Roma as an Object of Science and State Polices. Knowledge and Citizens in the Making in Post-war Czechoslovakia, 1945–1989
Research area 2: Norms & Transgressions
Contact : nikola.ludlova(@)cefres.cz
My dissertation project traces the history of the knowledge production on Roma in Czechoslovakia between 1945 and 1989. This history is inextricably linked with the so-called ‘Gypsy Question’ as it was primarily the interest of the state in knowledge on Roma what initiated and stimulated research and knowledge production and led to the institutionalization of Roma as an object of science. In line with the socialist ethos of new man, the state social engineering project targeting Roma applied state planning in its effort to assimilate and later integrate these “citizens-in-training” into the society. Various scientific disciplines thus became instrumental to the state employing the scientific management approach to social questions. However, this knowledge production was not solely a state-commissioned enterprise, there were also actors whose interest and academic production on Roma was motivated by individual research interests and who secured the continuity of research regardless of the state interest in this knowledge. Some of these actors despite participating in state commissioned projects became during the period of political thaw in the 1960s open critics of the state assimilatory policies and supporters of and co-activists in the ethno-emancipatory efforts of Roma intellectuals. Knowledge therefore served simultaneously too opposing goals: to legitimize assimilation or ethnoemancipation.
My research is thus a contribution to the scholarship on the larger historiographical question in the history of science, i.e. the mutual interaction between political and scientific realms. Apart from the mentioned instrumentalization of knowledge, I am interested to find out how the establishment of Roma as an object of science enhanced development in these disciplines. In conclusion, I aim to situate the knowledge production in socialist Czechoslovakia within the longer history of knowledge production on Roma and specifically to position it in respect to the field of knowledge termed as Gypsy studies or gypsiology.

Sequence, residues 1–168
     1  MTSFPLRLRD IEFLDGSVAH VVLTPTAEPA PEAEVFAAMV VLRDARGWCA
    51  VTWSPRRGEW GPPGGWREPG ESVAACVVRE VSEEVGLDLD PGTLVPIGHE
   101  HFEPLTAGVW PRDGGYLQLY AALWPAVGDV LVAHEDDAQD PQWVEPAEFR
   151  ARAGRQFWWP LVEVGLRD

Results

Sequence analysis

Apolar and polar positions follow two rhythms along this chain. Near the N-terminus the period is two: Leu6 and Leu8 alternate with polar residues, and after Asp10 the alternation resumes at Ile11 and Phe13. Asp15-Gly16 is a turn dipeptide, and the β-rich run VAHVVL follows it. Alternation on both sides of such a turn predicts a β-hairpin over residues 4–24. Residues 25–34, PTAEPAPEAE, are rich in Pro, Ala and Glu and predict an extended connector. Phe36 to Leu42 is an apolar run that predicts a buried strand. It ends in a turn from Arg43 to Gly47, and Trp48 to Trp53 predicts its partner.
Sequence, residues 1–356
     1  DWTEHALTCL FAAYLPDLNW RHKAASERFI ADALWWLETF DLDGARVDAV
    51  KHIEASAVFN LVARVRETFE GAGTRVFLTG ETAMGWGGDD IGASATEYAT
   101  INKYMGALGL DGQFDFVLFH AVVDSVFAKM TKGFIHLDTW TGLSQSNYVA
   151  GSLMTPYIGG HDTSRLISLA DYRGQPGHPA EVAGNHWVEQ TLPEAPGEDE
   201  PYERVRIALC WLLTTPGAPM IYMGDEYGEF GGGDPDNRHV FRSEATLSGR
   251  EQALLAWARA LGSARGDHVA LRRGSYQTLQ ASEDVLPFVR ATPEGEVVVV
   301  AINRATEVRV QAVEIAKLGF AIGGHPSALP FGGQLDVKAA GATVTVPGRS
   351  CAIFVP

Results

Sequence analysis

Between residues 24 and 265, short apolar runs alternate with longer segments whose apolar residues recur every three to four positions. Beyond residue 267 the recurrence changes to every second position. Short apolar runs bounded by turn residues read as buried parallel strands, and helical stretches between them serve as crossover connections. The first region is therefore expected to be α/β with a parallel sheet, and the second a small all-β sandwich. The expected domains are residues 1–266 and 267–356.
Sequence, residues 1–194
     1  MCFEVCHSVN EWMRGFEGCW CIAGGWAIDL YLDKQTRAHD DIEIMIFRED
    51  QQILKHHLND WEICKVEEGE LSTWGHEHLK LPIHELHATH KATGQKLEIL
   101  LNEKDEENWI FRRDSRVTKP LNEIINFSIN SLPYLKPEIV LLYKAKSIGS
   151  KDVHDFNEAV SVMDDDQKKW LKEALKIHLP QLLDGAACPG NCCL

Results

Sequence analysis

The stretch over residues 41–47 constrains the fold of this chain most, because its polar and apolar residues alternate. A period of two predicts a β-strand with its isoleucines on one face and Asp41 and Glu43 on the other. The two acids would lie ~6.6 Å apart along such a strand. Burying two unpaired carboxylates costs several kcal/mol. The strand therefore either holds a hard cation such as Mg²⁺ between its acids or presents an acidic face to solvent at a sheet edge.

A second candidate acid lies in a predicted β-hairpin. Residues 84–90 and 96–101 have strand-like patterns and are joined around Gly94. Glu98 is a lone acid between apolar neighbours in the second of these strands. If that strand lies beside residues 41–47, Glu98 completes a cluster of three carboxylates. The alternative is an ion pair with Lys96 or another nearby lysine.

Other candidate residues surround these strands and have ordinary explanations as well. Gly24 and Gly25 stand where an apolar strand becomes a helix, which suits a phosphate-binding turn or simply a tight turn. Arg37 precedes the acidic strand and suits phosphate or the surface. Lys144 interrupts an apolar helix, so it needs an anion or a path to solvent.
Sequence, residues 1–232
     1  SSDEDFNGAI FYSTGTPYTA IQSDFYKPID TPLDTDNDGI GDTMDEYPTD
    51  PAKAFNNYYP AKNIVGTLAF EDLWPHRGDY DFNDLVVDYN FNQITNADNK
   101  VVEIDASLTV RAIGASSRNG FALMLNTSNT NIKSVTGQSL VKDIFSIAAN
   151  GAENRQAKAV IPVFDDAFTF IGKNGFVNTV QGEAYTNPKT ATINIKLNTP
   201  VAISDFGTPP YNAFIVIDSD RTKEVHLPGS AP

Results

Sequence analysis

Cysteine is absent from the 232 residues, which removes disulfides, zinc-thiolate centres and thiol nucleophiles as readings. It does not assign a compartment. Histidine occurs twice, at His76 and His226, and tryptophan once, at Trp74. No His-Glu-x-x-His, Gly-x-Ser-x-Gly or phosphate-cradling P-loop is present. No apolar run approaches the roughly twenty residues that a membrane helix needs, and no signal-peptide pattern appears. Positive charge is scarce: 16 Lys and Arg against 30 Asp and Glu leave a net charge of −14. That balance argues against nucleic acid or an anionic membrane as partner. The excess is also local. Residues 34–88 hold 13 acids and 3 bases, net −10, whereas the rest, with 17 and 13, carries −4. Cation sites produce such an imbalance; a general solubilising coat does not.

2016 – Central European University, Budapest, Department of History, Doctoral program in Comparative History of Central, Southeastern and Eastern Europe
September 2014 – June 2016, Central European University, Budapest, Department of History, Master program in Comparative History of Central, Southeastern and Eastern Europe
October 2003 – May 2009 Charles University in Prague, Faculty of Philosophy and Arts, Department of Romani studies, Bachelor program in Philology
Ludlová, Nikola. “Vita Sexualis: Karl Ulrichs and the Origins of Sexual Science.” European Review of History: Revue européenne d’histoire (March, 2020). A book review. Published online.
Ludlová, Nikola. “Coerced Sterilization of Romani Women in the Czech (Czechoslovak) and European Context: The Past and Present.” Conference report. Published online in June 2018 at the website of the Prague Forum for Romani Histories
Ludlová, Nikola, and Pavel Baloun. “Tracing the Legacies of the Roma Genocide. Families as Transmitters of Experience and Memory.” A Conference report. Published online in April 2018 at the H-Soz-Kult website
Ludlová, Nikola. “Humorous Stories as a Tool for Building Prestige and Self-Esteem. A Social Analysis of the Romani Verbal Art.” ENTER+ vol. 29. The manual for Romani art. (January 2016).
Other academic activities
8 – 18+1 September, 2021, Gypsy Lore Society Conference on Romani Studies. Organized by the Gypsy Lore Society in cooperation with the Prague Forum for Romani Histories. Conference paper: Roma as an Object of Demographic Science
2 – 5 July, 2018, Public History Summer School in Wroclaw, Poland.
Organized by the Historical Institute of the University of Wroclaw in cooperation with the International Federation for Public History and Zajezdnia History Centre
16 – 21 July, 2018, The Biological and the Social between 1900 and Today
Organized by the History Department of Central European University, Budapest in cooperation with Fritz Thyssen Foundation